As a pelvic floor physiotherapist, I am so grateful to be able to work with women and men through issues that are often seen as very private, embarrassing and isolating.

Jessica’s Story: A Woman Suffering from Vaginismus

Jessica came to see me because she has been experiencing significant pain whenever she and her husband try to have intercourse. She told me that they have never had any penetration because of the pain, and now she can’t even bring herself to be intimate with her husband because she is always thinking ahead, worrying it will lead to penetration and more frustration and disappointment. Jessica and her husband waited until they were married to become sexually active and now that they want to start a family, she feels let down and that its somehow her fault. Her husband, who loves her very much, tries to understand and not pressure her, so he initiates intimacy very rarely. They both feel alone and worried.

When I asked a few more questions, I learned that this has been going on for almost 3 years.

Jessica told me she’s mentioned it to her family doctor who suggested she have a glass of wine to relax before sex, which didn’t work at all. She waited 8 months for a referral to a gynecologist who gave her the diagnosis of Vaginismus, but no treatment ideas. Frustrated, Jessica turned to Dr. Google and came across pelvic floor physiotherapy and that’s how she found me.

Jessica’s story is unfortunately, quite common. Women’s pelvic pain costs the Canadian Health Care system over $25 million per year. Of that, painful intercourse accounts for approximately 10%. (1) The challenge is many family doctors and primary care practitioners aren’t familiar with vaginal pain and so they don’t ask the question or perform a thorough gynecological examination (2). Without the correct diagnosis, it is hard to get correct treatment. On the flip side, many women don’t realize there is help, so they don’t bring it up to their doctor. This under reporting leads to under treatment, which all serves to further delay recovery. It isn’t uncommon to hear it took 3-4 years for a diagnosis to be made.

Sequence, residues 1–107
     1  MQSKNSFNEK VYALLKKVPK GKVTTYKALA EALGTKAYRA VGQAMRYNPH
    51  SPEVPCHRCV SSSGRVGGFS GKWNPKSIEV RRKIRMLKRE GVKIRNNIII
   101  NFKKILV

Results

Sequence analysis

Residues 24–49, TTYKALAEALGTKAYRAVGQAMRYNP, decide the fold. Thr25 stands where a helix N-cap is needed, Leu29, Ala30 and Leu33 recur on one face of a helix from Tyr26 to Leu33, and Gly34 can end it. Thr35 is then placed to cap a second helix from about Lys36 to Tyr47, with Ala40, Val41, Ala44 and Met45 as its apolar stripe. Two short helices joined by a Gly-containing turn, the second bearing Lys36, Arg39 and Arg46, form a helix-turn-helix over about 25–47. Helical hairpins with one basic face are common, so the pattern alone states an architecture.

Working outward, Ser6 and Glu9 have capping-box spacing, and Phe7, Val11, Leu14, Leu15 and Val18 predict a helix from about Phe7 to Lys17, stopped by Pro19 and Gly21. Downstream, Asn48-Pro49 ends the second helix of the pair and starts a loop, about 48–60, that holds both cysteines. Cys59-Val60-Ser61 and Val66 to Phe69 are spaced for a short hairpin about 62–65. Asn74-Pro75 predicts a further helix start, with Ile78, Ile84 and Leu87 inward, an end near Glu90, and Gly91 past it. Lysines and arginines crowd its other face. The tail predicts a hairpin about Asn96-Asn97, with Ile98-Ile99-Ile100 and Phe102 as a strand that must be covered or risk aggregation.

When Jessica came in to see me she was understandably upset. After her assessment, we set up a treatment plan that would cover the next 3 months. The first thing we needed to address was her self talk.

It had taken several years and multiple doctor visits before she walked through my door. By now this issue was more than a physical problem. Her symptoms were affecting the way she saw herself: as a woman, as a wife, and as a future mom. And naturally, it was impacting the relationship with her husband. Our brain is our biggest sex organ, but one that is often neglected.

Throughout her program we kept circling back to her thoughts.

I encouraged her to speak positively about her body and to focus on her improvements rather than setbacks. We spent a lot of time talking about the connection that occurs with intimacy and we discussed other ways to build that intimacy that didn’t involve penetration.

Part of her treatment plan involved using vaginal dilators. Dilators are a set of smooth plastic or silicone wands that progressively get larger to gently stretch the vagina. She used them at home in conjunction with weekly visits, where I manually stretched her vagina gently and without pain.

Her treatment program also included guidelines about how much water to drink, how to maintain regular bowel habits, how to become more active and even how to care for her vagina.

Jessica’s program was modified over time and after 12 weeks we reduced her treatment frequency to every 3 weeks. Her recovery was not a straight road; there were times that life got busy and hectic and she noticed the effect stress and tension has on her pelvic floor, but she persevered and we celebrated every success.

Her whole treatment program took a year, and that is common in vaginismus. Jessica and her husband are intimate on a regular basis and penetration is part of that intimacy. She recently emailed me that they are now ready to start a family, and I’m so happy for them!

Bethany’s Story: A Woman Suffering from Post-Childbirth Incontinence

Bethany had her second child 4 months ago and feels that things aren’t the same “down there”. She notices that she will leak a few drops of urine when she coughs or sneezes and recently when she started working out she noticed her underwear was wet. She has started wearing a pantiliner everyday. She has shared this with her girlfriends but they all laugh it off and attribute it to having two kids.